- In the Calculation Assistant dialog, the PrtSN (Part Size Name) Parameter is composed of the PID (Pipe Inner Diameter) parameter and these words: Inch Concrete Pipe.
We would prefer that in the part list it would read something like 12” RCP CLS III. The problem is that if a quotation mark is entered into the Part Size Name in this dialog, it will be misinterpreted since all information entered into the Edit Part Size dialog box is written to an XML file as indicated in the dialog after hitting the Evaluate button:
In the above example, PID is being interpreted as a text string which prevents Part Builder from reading the PID parameter list. Trying to force a quotation mark into a part size name is quite painful. However, using apostrophes can be a work around. A space must be entered after the PID parameter, or it will turn PID into a text string. After hitting the evaluate tab, we now see something resembling a quotation or inch symbol. However, we do not need the PID parameter to display 2 decimal places to the right of the value.
- Double click on the PID variable in the PrtSN: Part Size Name field. Then under Insert Variable, scroll down until you get to the PID variable and click on it. Set Precision to 0 and click Insert. Click on Evaluate to see a preview of the value. Click OK to continue.
There is more that can be customized in the Edit Part Size table. We could edit the wall thicknesses (WTh) variable values. However, if we don’t show outer pipe diameter in plan or profile, why bother? Also, the ACMan (Manning coefficient) variable for concrete pipe can be anywhere between 0.012 to 0.016. This value may need editing depending on what is used in our region. We should edit the Material. This parameter will be very useful when configuring a non-awkward label style.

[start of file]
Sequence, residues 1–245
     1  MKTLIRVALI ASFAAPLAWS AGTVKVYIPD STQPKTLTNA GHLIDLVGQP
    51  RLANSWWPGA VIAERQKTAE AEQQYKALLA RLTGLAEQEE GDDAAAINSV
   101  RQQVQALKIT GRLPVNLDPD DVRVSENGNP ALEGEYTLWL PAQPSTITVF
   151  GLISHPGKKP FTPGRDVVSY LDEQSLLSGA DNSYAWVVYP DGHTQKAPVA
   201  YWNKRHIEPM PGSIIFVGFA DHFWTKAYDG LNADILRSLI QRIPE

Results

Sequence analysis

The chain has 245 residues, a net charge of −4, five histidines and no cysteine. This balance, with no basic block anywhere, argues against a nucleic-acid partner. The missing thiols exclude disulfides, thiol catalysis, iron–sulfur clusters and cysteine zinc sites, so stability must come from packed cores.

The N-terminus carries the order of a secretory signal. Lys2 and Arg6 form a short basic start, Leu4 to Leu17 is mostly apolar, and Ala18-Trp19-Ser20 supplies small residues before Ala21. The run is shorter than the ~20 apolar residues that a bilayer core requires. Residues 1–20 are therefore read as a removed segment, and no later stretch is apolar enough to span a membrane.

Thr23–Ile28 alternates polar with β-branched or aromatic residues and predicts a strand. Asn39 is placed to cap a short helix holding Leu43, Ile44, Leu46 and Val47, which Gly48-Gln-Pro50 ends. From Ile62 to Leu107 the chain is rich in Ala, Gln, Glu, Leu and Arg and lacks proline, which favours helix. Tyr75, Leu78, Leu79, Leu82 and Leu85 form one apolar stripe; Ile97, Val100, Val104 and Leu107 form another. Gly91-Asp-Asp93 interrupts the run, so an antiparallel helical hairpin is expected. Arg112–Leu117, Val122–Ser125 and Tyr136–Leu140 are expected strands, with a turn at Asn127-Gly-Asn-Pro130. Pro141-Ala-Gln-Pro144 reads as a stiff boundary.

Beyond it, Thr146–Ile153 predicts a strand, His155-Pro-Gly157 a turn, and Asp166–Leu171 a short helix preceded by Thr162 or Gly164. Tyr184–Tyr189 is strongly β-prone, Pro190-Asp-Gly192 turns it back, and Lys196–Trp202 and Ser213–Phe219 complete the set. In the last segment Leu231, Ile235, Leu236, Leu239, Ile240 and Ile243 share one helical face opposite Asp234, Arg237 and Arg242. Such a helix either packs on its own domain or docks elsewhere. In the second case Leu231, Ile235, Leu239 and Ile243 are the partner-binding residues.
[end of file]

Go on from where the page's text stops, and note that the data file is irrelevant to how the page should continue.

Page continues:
- Click into one of the Mat fields in the Edit Part Sizes dialog and type in RCP CLS III.
- When the editing is complete, we can click the Save Part Family button (PFSave) on the Content Editor and exit the RCP Class III DWG file.
Configure Part List
To launch the use of the new part, it needs to be added to a part list whether it’s an existing list or a new one.
- Assuming we are adding to an existing part list, on the Settings tab under Pipe Network, hit the plus sign next to Part List, and double-click on the list to be edited.
- On the Pipes tab, right-click on the part list name and click Add Part Family.
- In the Part Catalog dialog, click into the checkbox next to RCP Class III under Concrete Pipe. Then click on OK to continue.
- Right-click on RCP Class III and click on Add Part Size.
- Click into the checkbox under Add All Sizes in the Inner Pipe row Diameter to bring in all of the pipe sizes for this family. Click OK to continue.
- Now the resulting names of each pipe size for the RCP Class III family are not so awkward. We could delete the space after the PID value if needed or we could even replace the two apostrophes with a quotation mark if needed, but there is no need to bother with that. Click OK to continue.
Create a Label Style
- On the Settings tab under Pipes>Label Styles, click on Plan Profile, right-click, and click New.
- In the Label Style Composer on the Layout tab, click the ellipsis on the Contents line.
- In the Text Component Editor dialog, configure the Property for Inner Pipe Diameter to a precision of 1 and click the Apply Edits button.
- In the Text Component Editor dialog in the content area on the right, add a quotation mark after the code inserted for Inner Pipe Diameter and add a space.
- In the Text Component Editor dialog, select the Property for Material and click the Apply Edits button to add it to the content area.
- Click OK to close the Text Component Editor.
- Then click OK to close the Label Style Composer.
This label style will produce non-awkward looking labels. No need to wrestle with part names in the part list or properties for each part in the drawing to produce likable labels.
Making the effort to take part families from the stock part library and saving each to a new customized part will produce pipe network parts that are good to go without the requirement of further customization. The part list becomes more user friendly; we no longer need to force values into the properties of each structure or pipe to produce informative labels. This type of customization will save a ton of time in months and years to come. Most of all, our teammates will love working with tools that enable them to work smarter and faster.
– Cyndy Davenport